Shane Duquette is the co-founder and creative lead of Outlift, Bony to Beastly, and Bony to Bombshell, and has a degree in design from York University in Toronto, Canada. He's personally gained sixty pounds at 11% body fat and has nine years of experience helping over ten thousand skinny people bulk up.

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  1. Breonna on June 12, 2012 at 2:37 am

    Shane, I think you’re allergic to eggs, dairy, protein powder, and nuts. Gassy monster indeed.

    • Shane Duquette on June 12, 2012 at 3:03 am

      Hey a burp now and then isn’t so bad 🙂

  2. roz on November 9, 2012 at 8:14 pm

    sounds like my life!

  3. Alexander on June 7, 2014 at 3:23 pm

    I thought it’s gluten and milk that bloats me but it turned out its fibre and processed milk. No wholemeal no too many veg and no whey protein and life is good once again.

    • Amin on August 23, 2016 at 3:28 pm

      Hey Alexander I wonder do you steam your veggies or eat them raw?

  4. Galev on March 8, 2015 at 5:43 pm

    So here I was wondering “I should google this gas thing, it mustn’t be normal, there must be a way to deal with it.” And google gave me some results and I was confirmed in my suspicion that it is probably the supplement I started taking (beef protein with some carbs).
    There weren’t any suggestions other than “it should go away in a few weeks”.
    “I wish there was something about thin on Bony to Beastly…” And then I spotted the link. Crazy how you guys really cover everything. 😀

    I’m not going to be able to mix my supplement with anything because I only take the one (and only twice a week). But I’ll try out pro-biotic yoghurt. My only concern is that I may be lactose intolerant (I have an appointment to have it tested). So I don’t know what I’ll do if that turns out to be the case.

    • Shane Duquette on March 8, 2015 at 10:19 pm

      Ahaha we try our best! Glad we could help.

      Even if you’re lactose intolerant some types of dairy may still agree with you. There are digestive enzymes and lactose free milk. And your lactose intolerance may go away over a few weeks as you slowly acclimatize to drinking milk.

      That’s a very novel type of protein powder too. You may have more luck with something classic like whey protein isolate (which doesn’t have lactose—the sugar in milk—in it).

      Good luck!

  5. Scott Pilgrim on May 24, 2015 at 9:05 pm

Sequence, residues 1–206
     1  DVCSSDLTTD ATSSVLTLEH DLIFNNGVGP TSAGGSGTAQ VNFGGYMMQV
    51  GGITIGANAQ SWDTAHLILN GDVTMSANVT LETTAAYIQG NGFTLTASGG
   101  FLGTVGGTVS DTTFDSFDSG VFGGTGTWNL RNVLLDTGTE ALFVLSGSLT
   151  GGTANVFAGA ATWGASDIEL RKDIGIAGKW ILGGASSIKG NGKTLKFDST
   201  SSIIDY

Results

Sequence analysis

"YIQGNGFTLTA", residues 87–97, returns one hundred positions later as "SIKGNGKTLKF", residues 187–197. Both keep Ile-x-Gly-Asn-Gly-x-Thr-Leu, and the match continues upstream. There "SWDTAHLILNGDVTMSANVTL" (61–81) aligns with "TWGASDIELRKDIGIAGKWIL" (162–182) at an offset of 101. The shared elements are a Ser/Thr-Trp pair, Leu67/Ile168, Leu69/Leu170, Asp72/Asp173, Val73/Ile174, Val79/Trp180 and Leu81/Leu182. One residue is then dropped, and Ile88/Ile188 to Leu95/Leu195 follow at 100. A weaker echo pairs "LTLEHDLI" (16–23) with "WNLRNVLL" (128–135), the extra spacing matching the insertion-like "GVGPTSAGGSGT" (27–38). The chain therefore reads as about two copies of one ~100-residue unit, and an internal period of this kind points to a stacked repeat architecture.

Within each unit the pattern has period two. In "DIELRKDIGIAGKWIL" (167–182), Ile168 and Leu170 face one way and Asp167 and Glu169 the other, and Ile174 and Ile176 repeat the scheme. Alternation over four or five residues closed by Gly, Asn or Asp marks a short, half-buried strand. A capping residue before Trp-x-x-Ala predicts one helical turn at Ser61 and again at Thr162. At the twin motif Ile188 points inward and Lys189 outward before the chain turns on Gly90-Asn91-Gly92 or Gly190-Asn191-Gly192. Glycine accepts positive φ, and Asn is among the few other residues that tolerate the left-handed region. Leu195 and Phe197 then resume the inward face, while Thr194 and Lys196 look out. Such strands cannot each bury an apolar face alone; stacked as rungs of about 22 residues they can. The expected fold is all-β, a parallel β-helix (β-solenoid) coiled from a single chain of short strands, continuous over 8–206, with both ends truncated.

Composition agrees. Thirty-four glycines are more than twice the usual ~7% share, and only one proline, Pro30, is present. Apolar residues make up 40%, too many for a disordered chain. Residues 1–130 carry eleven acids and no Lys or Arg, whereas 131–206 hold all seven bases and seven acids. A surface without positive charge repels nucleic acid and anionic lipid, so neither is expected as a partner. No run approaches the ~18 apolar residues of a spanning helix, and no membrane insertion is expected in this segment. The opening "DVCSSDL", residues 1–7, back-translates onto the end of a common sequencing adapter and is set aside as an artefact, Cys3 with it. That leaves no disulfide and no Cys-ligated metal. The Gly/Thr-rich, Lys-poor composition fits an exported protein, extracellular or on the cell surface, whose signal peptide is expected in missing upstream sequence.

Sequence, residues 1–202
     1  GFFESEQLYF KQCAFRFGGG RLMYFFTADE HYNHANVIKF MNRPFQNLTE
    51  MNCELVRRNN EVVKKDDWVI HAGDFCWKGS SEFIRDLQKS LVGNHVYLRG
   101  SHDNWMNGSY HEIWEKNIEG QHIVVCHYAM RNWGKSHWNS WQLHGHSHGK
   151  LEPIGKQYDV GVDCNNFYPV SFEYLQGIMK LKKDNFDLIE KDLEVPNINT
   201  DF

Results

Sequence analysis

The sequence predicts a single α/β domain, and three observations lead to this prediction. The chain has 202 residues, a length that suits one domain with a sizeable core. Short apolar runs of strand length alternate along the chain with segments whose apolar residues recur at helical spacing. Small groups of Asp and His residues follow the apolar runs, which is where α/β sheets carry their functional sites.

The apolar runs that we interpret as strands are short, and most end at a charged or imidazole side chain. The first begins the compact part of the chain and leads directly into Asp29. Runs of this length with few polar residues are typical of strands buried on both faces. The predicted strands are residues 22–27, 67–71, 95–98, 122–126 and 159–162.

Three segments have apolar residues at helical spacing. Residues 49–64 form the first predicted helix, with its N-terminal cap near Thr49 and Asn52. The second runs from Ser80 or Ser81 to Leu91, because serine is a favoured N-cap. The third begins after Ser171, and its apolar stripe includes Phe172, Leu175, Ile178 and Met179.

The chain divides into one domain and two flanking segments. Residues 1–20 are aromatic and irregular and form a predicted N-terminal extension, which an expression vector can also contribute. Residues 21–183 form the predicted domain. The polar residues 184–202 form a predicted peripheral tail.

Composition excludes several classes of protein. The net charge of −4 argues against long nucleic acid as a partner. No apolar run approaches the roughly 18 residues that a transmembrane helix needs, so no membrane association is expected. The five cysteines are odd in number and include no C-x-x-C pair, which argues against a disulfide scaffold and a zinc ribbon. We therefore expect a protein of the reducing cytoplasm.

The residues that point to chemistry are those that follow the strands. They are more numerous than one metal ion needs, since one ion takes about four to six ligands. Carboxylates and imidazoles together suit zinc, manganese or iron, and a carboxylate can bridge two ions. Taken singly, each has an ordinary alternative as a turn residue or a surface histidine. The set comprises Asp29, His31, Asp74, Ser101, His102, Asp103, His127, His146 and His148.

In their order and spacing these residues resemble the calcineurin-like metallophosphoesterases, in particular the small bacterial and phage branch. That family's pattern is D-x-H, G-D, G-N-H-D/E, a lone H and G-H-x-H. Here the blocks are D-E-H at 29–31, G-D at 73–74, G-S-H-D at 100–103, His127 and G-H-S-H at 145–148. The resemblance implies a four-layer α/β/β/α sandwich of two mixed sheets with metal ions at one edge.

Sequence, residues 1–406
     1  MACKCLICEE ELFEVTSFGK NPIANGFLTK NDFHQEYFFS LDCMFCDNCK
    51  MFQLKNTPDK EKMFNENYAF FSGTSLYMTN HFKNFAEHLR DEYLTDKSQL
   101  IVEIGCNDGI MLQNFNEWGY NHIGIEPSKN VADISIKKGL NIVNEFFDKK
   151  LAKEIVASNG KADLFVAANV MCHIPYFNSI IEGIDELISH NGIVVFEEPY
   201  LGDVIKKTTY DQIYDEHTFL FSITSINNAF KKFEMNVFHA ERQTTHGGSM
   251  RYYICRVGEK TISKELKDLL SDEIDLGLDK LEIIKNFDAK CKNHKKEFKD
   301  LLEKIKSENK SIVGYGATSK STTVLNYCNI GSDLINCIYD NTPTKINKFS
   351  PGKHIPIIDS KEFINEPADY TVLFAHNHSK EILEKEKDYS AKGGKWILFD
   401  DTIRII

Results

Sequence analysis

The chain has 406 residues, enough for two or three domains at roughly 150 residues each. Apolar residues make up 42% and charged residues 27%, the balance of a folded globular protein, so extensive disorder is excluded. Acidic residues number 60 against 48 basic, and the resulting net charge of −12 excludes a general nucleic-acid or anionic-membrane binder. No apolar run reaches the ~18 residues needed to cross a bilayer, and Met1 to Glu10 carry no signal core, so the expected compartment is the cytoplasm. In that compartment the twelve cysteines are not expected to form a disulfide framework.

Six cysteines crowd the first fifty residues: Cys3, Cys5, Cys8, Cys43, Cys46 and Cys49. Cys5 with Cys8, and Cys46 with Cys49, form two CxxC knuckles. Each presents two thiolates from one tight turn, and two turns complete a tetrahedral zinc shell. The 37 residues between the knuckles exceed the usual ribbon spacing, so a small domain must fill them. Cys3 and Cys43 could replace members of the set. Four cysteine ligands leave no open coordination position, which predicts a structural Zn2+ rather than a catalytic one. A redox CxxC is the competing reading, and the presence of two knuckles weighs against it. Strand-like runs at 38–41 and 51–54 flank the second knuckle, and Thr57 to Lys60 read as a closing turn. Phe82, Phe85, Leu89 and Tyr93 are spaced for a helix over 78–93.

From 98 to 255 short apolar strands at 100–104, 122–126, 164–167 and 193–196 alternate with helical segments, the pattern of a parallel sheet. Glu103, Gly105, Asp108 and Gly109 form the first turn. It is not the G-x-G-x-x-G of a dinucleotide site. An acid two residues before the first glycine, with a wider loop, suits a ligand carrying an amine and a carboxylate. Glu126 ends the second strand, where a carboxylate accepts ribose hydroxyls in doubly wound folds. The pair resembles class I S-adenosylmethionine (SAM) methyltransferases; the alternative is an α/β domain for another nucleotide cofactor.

digestive enzymes from actual pineapples?
    or will Pineapple juice do?

    • Shane Duquette on May 26, 2015 at 4:18 pm

      The more processing a food goes through the less cool stuff it’ll do. Less fibre, or vitamins, or perhaps digestive enzymes, etc. If you blend a pineapple up into a smoothie that’d probably be comparable to a fresh pineapple. If you juice it using a juicer, a little less. If you’re getting pasteurized store-bought juice, even less. At what point do you lose the enzymes? I don’t know :S

  6. Derek on August 9, 2015 at 7:32 pm

    How the heck can you put on weight as a skinny guy if you have an intolerance to Dairy, Eggs, Nuts, and Wheat?! Those are like the primary muscle building foods right there. When you throw out Whey, Dairy products like Cottage Cheese, Milk, Almonds, Nut Butters, Eggs, and breads and pastas; What are you left with? Chicken, Rice and Brocolli at every meal? Yay…. (sarcasm)

    • Shane Duquette on August 10, 2015 at 10:44 am

      Hey Derek,

      It’s definitely discouraging when you’re faced with a lot of restrictions, but it’s definitely still possible. We have members who are following strict paleo diets (low carb, no potatoes or fruits, no grains, no legumes, etc), vegans, people with type 1 diabetes, people with Crohn’s disease. Just takes more cleverness.

      My favourite muscle-building meal is chili cooked a dozen servings at a time. Pretty delicious, quick to cook the first time, very easy to reheat at your convenience. My second favourite recipe is stew, for similar reasons. Lately I’ve been trying to do the same thing with stir fries and curries to mix things up. None of these have dairy, eggs, nuts or wheat.